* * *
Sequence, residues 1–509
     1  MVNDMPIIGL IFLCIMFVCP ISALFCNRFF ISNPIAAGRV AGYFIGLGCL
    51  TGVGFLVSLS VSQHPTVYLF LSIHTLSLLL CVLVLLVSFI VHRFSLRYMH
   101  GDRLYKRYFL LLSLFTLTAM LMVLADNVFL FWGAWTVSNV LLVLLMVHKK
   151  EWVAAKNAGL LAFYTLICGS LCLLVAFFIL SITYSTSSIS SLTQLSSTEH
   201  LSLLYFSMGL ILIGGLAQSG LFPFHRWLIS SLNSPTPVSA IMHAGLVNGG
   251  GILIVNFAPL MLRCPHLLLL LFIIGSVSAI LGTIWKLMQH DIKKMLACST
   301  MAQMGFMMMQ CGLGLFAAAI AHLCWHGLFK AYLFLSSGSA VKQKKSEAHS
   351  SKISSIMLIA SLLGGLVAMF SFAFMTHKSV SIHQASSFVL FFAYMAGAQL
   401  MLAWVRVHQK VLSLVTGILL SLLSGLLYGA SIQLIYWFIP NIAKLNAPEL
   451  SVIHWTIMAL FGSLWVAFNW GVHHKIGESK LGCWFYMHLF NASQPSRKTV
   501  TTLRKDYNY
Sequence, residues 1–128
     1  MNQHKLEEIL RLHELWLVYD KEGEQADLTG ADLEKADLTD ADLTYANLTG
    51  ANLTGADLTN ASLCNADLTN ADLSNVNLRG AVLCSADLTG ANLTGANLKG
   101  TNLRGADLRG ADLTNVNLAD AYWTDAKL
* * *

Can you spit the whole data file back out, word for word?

Sequence, residues 1–509
     1  MVNDMPIIGL IFLCIMFVCP ISALFCNRFF ISNPIAAGRV AGYFIGLGCL
    51  TGVGFLVSLS VSQHPTVYLF LSIHTLSLLL CVLVLLVSFI VHRFSLRYMH
   101  GDRLYKRYFL LLSLFTLTAM LMVLADNVFL FWGAWTVSNV LLVLLMVHKK
   151  EWVAAKNAGL LAFYTLICGS LCLLVAFFIL SITYSTSSIS SLTQLSSTEH
   201  LSLLYFSMGL ILIGGLAQSG LFPFHRWLIS SLNSPTPVSA IMHAGLVNGG
   251  GILIVNFAPL MLRCPHLLLL LFIIGSVSAI LGTIWKLMQH DIKKMLACST
   301  MAQMGFMMMQ CGLGLFAAAI AHLCWHGLFK AYLFLSSGSA VKQKKSEAHS
   351  SKISSIMLIA SLLGGLVAMF SFAFMTHKSV SIHQASSFVL FFAYMAGAQL
   401  MLAWVRVHQK VLSLVTGILL SLLSGLLYGA SIQLIYWFIP NIAKLNAPEL
   451  SVIHWTIMAL FGSLWVAFNW GVHHKIGESK LGCWFYMHLF NASQPSRKTV
   501  TTLRKDYNY
Sequence, residues 1–128
     1  MNQHKLEEIL RLHELWLVYD KEGEQADLTG ADLEKADLTD ADLTYANLTG
    51  ANLTGADLTN ASLCNADLTN ADLSNVNLRG AVLCSADLTG ANLTGANLKG
   101  TNLRGADLRG ADLTNVNLAD AYWTDAKL